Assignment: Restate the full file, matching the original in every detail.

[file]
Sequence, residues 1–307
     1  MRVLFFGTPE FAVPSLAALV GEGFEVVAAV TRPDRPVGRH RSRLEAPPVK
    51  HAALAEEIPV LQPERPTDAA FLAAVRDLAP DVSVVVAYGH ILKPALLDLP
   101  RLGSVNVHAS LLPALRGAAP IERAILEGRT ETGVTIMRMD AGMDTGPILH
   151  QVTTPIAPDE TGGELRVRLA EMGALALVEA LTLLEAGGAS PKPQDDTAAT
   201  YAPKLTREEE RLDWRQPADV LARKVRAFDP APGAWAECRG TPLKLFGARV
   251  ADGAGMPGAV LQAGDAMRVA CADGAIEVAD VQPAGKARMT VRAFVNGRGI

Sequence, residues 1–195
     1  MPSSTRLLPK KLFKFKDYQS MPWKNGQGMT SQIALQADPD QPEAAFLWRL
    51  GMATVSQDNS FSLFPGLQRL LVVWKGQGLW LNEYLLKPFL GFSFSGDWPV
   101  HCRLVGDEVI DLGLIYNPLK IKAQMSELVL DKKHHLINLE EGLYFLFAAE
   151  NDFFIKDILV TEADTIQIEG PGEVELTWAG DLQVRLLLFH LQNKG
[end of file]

Sequence, residues 1–307
     1  MRVLFFGTPE FAVPSLAALV GEGFEVVAAV TRPDRPVGRH RSRLEAPPVK
    51  HAALAEEIPV LQPERPTDAA FLAAVRDLAP DVSVVVAYGH ILKPALLDLP
   101  RLGSVNVHAS LLPALRGAAP IERAILEGRT ETGVTIMRMD AGMDTGPILH
   151  QVTTPIAPDE TGGELRVRLA EMGALALVEA LTLLEAGGAS PKPQDDTAAT
   201  YAPKLTREEE RLDWRQPADV LARKVRAFDP APGAWAECRG TPLKLFGARV
   251  ADGAGMPGAV LQAGDAMRVA CADGAIEVAD VQPAGKARMT VRAFVNGRGI

Sequence, residues 1–195
     1  MPSSTRLLPK KLFKFKDYQS MPWKNGQGMT SQIALQADPD QPEAAFLWRL
    51  GMATVSQDNS FSLFPGLQRL LVVWKGQGLW LNEYLLKPFL GFSFSGDWPV
   101  HCRLVGDEVI DLGLIYNPLK IKAQMSELVL DKKHHLINLE EGLYFLFAAE
   151  NDFFIKDILV TEADTIQIEG PGEVELTWAG DLQVRLLLFH LQNKG